Some 'Occupy L.A.' Campers Say They've Officially Changed Their Address to City Hall (200 North Spring Street)
Courtesy of Patrick Range McDonaldYou can't foreclose a tent!
Update: Three protesters who say they've changed their mailing address are named Melissa, Sergio and Deva. We're working to get more info on them, and what their move means for the permanence of Occupy L.A.
L.A. City Council President Eric Garcetti might have spoken a little soon when he told hundreds of Occupy L.A. protesters last week to "stay as long as you need."
What Garcetti perhaps didn't realize is that Occupy L.A. doesn't want to stay a few more days. Not even a month. Some have told our reporters that they plan on living outside L.A. City Hall for, oh, another year or so.
This poses a bit of a problem for the City Council. (Or the LAPD, or whoever else the council enlists to rake the anti-bankster fest off its front lawn.) At some point, the protesters have got to go. They can't stay there forever. (Right?) But that won't stop them from trying.
One public commenter announced in council chambers yesterday that she has officially changed her mailing address to 200 North Spring Street. In other words, this woman now "lives" at L.A. City Hall. (We're currently reviewing footage of the hours-long meeting to find her name. Patience.)
Officials in other cities are starting to get restless. Occupy San Diego is Tweeting that "They R removing our occupation NOW!" (and, "We got orders to remove all of our stuff.") And Occupy Wall Street, who built this movement from the ground up and still sits at the heart of it, is suspicious that a "routine cleaning" at the park they're occupying is really a ploy by fake-friendly New York Mayor Michael Bloomberg to clean the riff-raff out.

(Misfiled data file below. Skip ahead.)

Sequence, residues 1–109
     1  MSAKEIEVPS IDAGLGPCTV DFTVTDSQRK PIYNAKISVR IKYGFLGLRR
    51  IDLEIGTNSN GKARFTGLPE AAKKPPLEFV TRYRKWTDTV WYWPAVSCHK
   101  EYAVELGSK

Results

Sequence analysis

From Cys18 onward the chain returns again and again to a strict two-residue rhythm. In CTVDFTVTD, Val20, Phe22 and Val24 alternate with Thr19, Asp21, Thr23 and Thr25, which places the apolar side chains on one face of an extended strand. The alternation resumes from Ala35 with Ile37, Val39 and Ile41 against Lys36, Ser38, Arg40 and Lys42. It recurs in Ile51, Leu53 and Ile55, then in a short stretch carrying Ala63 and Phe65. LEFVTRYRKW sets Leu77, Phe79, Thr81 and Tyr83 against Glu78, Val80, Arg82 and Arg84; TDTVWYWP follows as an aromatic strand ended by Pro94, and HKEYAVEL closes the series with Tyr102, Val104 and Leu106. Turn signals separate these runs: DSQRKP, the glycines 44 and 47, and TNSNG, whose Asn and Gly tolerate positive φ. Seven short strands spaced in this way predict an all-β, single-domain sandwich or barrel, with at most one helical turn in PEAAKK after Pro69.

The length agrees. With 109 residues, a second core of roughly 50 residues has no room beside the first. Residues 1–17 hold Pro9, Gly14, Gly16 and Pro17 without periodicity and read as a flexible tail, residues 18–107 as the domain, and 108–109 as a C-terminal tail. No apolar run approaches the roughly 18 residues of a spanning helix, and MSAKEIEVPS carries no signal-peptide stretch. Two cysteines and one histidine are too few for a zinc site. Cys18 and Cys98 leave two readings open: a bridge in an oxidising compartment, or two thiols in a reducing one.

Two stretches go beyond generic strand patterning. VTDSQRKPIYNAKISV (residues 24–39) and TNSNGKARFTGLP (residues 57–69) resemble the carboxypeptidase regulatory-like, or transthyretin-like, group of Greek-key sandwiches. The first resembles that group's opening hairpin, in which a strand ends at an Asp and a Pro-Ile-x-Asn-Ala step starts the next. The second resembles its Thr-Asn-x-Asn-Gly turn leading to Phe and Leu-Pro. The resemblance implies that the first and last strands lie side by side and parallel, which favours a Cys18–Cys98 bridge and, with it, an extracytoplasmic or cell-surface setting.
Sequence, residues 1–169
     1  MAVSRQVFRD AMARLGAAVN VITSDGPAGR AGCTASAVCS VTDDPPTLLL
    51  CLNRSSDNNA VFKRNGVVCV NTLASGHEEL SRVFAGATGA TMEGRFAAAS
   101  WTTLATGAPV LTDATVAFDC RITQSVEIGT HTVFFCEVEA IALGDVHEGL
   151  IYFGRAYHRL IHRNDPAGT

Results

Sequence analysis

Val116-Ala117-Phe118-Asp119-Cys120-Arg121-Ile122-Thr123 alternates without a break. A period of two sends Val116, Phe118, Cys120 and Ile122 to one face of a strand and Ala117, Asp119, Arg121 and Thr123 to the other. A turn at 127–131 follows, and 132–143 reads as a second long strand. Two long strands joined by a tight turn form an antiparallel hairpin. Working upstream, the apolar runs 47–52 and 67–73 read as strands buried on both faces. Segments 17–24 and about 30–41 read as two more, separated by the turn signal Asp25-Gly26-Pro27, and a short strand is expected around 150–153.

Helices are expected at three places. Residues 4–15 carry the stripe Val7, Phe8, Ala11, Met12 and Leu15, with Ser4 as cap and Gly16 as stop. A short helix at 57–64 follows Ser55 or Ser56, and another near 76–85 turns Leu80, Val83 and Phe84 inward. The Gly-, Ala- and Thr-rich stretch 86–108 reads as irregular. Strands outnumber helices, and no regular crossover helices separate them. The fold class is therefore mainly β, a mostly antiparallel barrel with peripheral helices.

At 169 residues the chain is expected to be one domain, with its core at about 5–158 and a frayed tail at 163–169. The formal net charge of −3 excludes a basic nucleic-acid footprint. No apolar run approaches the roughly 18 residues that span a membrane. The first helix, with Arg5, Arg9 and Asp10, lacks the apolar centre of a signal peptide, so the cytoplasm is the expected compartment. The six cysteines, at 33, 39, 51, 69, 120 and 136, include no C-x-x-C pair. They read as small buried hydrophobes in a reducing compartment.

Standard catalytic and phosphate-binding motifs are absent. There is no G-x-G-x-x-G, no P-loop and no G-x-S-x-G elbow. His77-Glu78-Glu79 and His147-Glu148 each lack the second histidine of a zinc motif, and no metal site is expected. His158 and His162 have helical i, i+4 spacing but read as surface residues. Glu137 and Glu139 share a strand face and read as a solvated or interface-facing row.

The phase-out is going to be a little trickier for Los Angeles. Camp attendance has been growing nightly (about 300 tents, last we were told), but even if people start getting bored and slinking back into the suburbs, the homeless and the drifters and the diehards aren't going anywhere without a good fight and shouts of "police brutality!"
Now, they're reinforcing that commitment to the cause by -- quite literally -- moving in to City Hall. Aside from the aforementioned public commenter, various Occupy L.A. reps in the media tent tell us they know of other "Perma-Occupiers." (They've promised to send us a full list by this evening.)
In general, when it comes to the impending push-out, Occupy is on the defense. Food-tent managers announced at Tuesday's General Assembly meeting that they were training new managers on how to keep the eating area up to L.A. County Department of Public Health code. And they're right to be worried: Nabbing protesters for endangering their own, or anyone else's, health or safety would be a great way to kick them out on less controversial terms.
On the flip side, media volunteer Gia Trimble says that she, personally, thinks some of the more moved-in occupiers are just using the social-change sleepover as free housing.
"There are people who are too comfortable," Trimble says. "People are just laying around all day. What the fuck is the point of you being here?"